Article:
The Encyclopedia of Things That Never Were" (by Michael Page and Robert Ingpen). I've been reading it again, my much-loved edition slightly battered and inscribed on the title page with a dedication of love from my parents dated "Christmas 1985". I was eleven years old, and I was both mesmerised and slightly scared by some of the entries: Lilith creeping into your room at night, wendigos, red caps, banshees, kobolds.... I can't think of another book I have owned that has played quite such a large role in firing my imagination. As I start to search around now to discover what I want to write about, I find myself coming back, time and time again, to the idea of writing something fantastical.
Perhaps - now that I think about it - not entirely coincidentally, I have also been dipping into my edition of the "Children's and Household Tales" by the Brothers Grimm. I was both delighted and slightly horrified to discover yesterday morning that Philip Pullman has just published a book featuring his (faithful) retellings of fifty of his favourite Grimm stories: delighted because I love his writing and I very much want to read this book, but horrified because I'm just shaping ideas to write in this direction myself. These folk tales are as old as the hills, of course, so they're hardly likely to become old hat now... but even so. I nearly downloaded the book to my Kindle this morning, but read that the hardback edition is beautifully bound, and in honour of my much-loved old encyclopedia, I've bought that instead. I think I might re-read the Angela Carter re-tellings too, whilst I'm at it.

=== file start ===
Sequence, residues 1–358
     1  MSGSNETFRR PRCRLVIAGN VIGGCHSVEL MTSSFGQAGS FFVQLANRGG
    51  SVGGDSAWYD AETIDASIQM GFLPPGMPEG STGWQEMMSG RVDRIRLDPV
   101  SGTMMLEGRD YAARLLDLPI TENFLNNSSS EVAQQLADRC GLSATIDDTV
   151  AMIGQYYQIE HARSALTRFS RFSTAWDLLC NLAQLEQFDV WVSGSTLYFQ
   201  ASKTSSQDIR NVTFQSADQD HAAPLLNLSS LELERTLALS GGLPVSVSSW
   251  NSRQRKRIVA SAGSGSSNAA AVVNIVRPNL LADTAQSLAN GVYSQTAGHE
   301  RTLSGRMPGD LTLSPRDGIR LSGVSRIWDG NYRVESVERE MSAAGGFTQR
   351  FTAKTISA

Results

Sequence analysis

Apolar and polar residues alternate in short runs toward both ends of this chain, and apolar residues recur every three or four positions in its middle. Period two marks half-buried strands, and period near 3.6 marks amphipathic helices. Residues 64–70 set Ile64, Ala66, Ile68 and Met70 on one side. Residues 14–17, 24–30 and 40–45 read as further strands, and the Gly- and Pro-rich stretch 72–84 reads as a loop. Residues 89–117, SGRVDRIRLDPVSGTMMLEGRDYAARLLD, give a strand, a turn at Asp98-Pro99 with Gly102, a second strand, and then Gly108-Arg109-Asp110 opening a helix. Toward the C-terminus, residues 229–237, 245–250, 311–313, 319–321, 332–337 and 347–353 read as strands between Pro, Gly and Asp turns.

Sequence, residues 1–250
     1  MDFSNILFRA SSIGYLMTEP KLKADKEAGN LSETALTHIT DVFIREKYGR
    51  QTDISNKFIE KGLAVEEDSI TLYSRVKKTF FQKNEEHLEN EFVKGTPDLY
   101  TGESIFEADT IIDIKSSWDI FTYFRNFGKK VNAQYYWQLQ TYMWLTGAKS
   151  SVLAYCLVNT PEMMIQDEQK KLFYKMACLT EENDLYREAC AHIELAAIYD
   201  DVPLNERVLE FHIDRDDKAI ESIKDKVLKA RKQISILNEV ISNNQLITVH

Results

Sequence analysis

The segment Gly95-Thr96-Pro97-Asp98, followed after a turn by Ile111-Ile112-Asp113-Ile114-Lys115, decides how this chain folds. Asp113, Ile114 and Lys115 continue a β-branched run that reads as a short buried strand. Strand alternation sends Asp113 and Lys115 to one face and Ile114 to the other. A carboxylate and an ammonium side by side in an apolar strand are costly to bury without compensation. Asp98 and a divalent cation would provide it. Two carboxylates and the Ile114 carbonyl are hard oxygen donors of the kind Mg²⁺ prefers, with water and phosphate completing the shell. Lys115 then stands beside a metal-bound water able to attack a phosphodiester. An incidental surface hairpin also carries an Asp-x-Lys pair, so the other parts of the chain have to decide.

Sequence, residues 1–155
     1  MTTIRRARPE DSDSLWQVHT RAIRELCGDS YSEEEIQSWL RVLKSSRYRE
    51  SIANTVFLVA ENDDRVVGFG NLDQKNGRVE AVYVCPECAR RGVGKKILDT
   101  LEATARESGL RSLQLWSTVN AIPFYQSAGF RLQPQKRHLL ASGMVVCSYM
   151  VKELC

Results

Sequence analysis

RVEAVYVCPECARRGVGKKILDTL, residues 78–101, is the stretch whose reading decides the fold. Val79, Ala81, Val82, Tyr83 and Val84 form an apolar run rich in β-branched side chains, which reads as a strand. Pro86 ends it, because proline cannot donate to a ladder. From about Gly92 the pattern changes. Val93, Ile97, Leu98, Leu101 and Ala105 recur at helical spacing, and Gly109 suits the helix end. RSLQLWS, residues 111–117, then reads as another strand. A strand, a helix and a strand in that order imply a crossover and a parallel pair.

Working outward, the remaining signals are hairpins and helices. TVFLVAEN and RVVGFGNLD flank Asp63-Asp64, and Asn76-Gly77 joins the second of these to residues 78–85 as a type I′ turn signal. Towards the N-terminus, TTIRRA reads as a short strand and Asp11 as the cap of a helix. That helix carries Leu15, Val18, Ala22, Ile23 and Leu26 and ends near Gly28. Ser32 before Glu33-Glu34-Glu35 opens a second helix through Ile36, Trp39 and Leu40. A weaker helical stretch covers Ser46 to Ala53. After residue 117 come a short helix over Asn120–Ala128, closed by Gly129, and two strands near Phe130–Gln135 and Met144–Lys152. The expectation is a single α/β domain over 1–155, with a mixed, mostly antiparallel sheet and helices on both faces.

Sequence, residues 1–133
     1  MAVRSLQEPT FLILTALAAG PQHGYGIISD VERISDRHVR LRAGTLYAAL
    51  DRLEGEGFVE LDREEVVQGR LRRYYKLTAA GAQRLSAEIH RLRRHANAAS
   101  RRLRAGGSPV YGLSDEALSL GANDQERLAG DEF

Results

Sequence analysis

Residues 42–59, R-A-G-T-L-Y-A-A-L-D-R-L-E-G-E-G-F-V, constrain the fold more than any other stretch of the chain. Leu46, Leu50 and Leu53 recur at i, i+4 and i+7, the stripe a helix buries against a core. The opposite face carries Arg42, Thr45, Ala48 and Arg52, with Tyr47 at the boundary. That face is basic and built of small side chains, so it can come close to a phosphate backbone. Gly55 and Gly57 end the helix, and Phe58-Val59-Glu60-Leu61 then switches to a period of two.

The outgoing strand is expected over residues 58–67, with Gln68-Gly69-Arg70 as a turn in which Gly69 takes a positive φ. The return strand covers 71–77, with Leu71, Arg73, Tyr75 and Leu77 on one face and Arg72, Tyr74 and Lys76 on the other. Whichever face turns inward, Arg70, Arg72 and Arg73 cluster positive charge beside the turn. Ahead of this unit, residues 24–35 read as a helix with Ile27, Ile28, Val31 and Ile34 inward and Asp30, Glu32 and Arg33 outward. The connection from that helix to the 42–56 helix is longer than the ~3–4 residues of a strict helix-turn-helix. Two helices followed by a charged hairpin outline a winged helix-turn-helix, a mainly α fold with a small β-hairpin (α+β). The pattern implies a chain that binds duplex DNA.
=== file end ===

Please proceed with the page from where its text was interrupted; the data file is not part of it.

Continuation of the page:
As I was looking for reviews of Pullman's book online, I found this quote, taken from a piece he wrote last Friday for the Guardian on the challenge of re-telling the Grimm fairy tales:
"The fairy tale is in a perpetual state of becoming and alteration. To keep to one version or one translation alone is to put a robin redbreast in a cage. A fairy tale is not a text."
I like that. Now I want to try to create some tales of my own. New tales.